NCTM 2016 – “Take Aways” and Questions

“Take Aways”

  1.  Multiplication IS NOT repeated addition.  Yes ladies and gentlemen, this goes against everything we feel in our bodies but accept it. See Kevin Devlin’s Article from Mathematics Association of America.
  2. Trying to teach students to pick out “key words” in a word problem to help them solve does not develop sense making structures for advanced learning.  Not all key words appear in all problems and they don’t always imply the same meaning.  How the words are used depends on the context.
  3. Learning Goals versus Performance Goals.  (Huinker)
    • Learning goals are what students will understand as a result of the lesson (Promotes Growth Mindset).
    • Performance goals are what students will DO to demonstrate understanding (promotes Fixed Mindsets)
    • Sentence frame that combines both:
      • I can ________ to show that I understand _______.
  4. To increase rigor for Which One Doesn’t Belong, have students come up with 2 reasons why one wouldn’t belong. (Stevens)
  5. Go buy the book The Classroom Chef by John Stevens and Matt Vaudrey. My favorites from the book:
    • “Preparing a lesson takes research and new ideas to push the learning towards the objective.  Lesson planning is the step-by-step nature of a given set of objectives.” (p.18)
    • Don’t say an answer is wrong, say it’s not correct yet. (p.42)
    • Bringing in the math when you need it will allow the math to serve the conversation.(after comparing mullets, they eventually used math to be more accurate with the mullets). (p. 79)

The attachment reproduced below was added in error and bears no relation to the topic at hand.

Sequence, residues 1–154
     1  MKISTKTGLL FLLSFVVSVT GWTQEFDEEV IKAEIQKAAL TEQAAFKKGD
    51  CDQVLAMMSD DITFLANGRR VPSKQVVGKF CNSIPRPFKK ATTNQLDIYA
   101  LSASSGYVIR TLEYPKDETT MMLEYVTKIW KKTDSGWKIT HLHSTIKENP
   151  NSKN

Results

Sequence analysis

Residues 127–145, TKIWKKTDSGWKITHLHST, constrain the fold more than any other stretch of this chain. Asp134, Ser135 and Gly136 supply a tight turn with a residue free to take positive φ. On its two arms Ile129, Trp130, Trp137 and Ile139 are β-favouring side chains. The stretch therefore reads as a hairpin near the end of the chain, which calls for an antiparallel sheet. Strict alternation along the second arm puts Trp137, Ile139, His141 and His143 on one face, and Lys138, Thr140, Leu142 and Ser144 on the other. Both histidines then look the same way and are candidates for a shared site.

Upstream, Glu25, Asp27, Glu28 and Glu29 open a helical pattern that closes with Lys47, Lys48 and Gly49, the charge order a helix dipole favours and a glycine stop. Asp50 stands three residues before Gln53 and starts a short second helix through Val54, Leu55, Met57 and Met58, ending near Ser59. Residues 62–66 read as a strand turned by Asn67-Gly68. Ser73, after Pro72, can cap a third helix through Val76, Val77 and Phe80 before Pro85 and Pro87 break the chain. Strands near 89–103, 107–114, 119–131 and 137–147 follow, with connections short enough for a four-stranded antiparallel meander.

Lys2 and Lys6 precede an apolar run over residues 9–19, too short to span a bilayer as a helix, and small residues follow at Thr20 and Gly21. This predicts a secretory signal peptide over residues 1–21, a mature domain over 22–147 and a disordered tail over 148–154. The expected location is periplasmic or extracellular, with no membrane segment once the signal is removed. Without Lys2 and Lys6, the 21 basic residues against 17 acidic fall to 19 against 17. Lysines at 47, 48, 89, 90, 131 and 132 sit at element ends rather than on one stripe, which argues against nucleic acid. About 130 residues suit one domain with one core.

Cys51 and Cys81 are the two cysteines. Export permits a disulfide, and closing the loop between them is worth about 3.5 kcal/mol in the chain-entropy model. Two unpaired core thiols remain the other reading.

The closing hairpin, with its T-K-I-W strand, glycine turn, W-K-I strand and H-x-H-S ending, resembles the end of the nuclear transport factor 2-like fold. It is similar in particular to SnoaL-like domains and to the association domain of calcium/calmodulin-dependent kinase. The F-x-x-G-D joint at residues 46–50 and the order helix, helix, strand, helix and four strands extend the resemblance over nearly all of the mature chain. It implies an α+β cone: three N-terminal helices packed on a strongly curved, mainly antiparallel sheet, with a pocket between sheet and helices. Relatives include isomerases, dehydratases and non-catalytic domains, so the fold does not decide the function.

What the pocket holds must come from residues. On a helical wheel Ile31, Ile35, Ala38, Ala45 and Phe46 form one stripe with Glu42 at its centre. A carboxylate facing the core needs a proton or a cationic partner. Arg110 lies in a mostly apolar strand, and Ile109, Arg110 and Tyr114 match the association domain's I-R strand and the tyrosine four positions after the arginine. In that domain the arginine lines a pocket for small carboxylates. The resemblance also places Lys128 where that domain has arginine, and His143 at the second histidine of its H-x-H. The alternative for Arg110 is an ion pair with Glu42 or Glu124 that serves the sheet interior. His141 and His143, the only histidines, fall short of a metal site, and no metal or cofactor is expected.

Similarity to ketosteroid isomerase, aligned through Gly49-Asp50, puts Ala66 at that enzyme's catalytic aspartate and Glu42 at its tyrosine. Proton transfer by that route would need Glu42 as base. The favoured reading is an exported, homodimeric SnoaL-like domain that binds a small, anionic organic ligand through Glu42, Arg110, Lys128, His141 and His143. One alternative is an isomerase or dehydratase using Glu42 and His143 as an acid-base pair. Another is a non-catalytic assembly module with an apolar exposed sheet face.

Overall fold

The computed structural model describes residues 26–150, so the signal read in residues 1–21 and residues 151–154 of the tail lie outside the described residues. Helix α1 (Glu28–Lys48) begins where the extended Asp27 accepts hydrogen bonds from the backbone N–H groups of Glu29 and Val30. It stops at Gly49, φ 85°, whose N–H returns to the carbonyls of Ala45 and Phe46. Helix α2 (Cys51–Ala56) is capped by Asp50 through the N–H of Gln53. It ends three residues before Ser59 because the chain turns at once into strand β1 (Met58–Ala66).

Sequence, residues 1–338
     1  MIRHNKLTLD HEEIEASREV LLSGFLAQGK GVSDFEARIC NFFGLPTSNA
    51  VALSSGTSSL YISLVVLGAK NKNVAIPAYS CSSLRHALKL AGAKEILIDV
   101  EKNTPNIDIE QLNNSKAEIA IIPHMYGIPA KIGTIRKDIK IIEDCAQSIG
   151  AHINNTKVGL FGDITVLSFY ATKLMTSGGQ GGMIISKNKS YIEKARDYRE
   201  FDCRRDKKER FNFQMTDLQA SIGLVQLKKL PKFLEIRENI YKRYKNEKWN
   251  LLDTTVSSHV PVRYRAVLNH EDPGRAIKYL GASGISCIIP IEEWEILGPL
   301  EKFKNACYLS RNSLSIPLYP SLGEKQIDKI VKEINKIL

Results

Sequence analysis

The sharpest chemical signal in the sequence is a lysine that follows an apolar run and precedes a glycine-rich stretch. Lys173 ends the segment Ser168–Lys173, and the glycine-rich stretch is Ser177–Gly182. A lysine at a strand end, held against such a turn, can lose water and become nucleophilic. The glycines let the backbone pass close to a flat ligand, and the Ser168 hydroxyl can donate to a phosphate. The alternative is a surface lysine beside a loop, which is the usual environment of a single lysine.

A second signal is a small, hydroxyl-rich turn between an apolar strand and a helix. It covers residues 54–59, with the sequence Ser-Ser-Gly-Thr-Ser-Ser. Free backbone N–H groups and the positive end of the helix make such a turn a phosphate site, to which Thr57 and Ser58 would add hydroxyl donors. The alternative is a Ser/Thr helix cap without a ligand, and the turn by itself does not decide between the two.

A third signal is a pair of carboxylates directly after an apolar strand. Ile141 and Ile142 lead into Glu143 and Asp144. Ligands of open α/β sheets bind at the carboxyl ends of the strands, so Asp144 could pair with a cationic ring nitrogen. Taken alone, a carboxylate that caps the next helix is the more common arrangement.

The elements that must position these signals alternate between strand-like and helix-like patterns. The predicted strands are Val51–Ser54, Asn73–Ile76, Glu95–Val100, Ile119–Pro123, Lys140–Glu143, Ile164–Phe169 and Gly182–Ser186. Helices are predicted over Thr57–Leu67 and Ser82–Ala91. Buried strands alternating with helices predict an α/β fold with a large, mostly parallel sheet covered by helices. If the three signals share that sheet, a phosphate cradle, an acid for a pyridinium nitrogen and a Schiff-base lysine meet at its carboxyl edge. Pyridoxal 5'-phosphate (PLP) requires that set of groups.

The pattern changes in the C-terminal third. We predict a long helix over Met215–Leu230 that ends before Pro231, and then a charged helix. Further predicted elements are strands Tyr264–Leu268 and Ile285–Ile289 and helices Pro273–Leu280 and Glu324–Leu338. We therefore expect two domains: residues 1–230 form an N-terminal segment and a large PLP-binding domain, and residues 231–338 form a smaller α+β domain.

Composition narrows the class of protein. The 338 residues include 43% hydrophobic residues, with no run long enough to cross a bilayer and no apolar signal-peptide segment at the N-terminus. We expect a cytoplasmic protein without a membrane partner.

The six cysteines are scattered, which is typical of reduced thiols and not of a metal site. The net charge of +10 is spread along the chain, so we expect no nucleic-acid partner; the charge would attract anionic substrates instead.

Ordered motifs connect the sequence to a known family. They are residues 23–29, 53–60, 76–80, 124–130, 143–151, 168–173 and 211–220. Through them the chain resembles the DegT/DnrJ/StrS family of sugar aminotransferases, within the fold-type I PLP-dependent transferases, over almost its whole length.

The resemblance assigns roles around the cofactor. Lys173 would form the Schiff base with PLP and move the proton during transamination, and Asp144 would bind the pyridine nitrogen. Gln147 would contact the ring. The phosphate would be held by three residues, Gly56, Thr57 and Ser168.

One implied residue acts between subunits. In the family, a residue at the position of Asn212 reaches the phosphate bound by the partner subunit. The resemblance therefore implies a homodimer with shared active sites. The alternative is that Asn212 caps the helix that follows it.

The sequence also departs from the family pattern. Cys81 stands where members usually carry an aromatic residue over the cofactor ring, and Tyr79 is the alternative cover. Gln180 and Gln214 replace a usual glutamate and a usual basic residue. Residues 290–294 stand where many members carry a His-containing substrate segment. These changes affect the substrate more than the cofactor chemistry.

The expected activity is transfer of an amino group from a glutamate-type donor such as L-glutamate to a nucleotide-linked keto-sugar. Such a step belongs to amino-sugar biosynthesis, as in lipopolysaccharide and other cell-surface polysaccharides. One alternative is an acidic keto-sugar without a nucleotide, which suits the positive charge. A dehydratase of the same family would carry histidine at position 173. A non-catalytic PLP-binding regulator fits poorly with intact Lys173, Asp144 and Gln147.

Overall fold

• “Problem solving is what you do when you don’t know what to do.” (p.110)
    • Instead of trying to entertain our students, make them curious with the tasks you select to implement.
    • Allow kids to choose their own assessment.
  6. Teach the child, not the standard. (M. Burns)
  7. To pose purposeful questions, we need to know which type of questions we are asking: assessing or advancing?
  8. A high quality task with low implementation will still create a better learning experience than a low quality task with high implementation.
  9. School isn’t something that should be done “to” us.
  10. Collaborate around student understanding, the mathematics and the next instructional steps to keep the PLC focused and on the right track.
  11. The problems in the book won’t look like the problems in real life.  We need to “delete” the textbook (D.Meyer) by eliminating the question, values, and labels.  Make students curious and turn the math dial up slowly.

Questions for Professional Development:

  1. What should students learn first: concepts or skills? (MTSS pre-conference)
  2. How do we define learning versus doing when establishing math goals? (Huinker)
  3. How can I use the problem as a vehicle to teach math? (Seeley)

Questions I Still Have:

I attended many sessions where presenters spoke about completing interviews with elementary aged children.  I am intrigued by this idea.

  1. What would it look like in the middle school?
    • Since I have 138 students.
  2. How do you know which questions to ask in the interview?
  3. How do you know which students to choose?
    • May be a dumb question but I was thinking those with Ds and Fs?
    • Separating the can’ts and the won’ts
  4. What do interviews look like at the middle school level with in a 52 minute period?

Resources

12 math rules that expire in Middle Grades

13 Rules that Expire

Never_say_anything_a_kid_can_say

 

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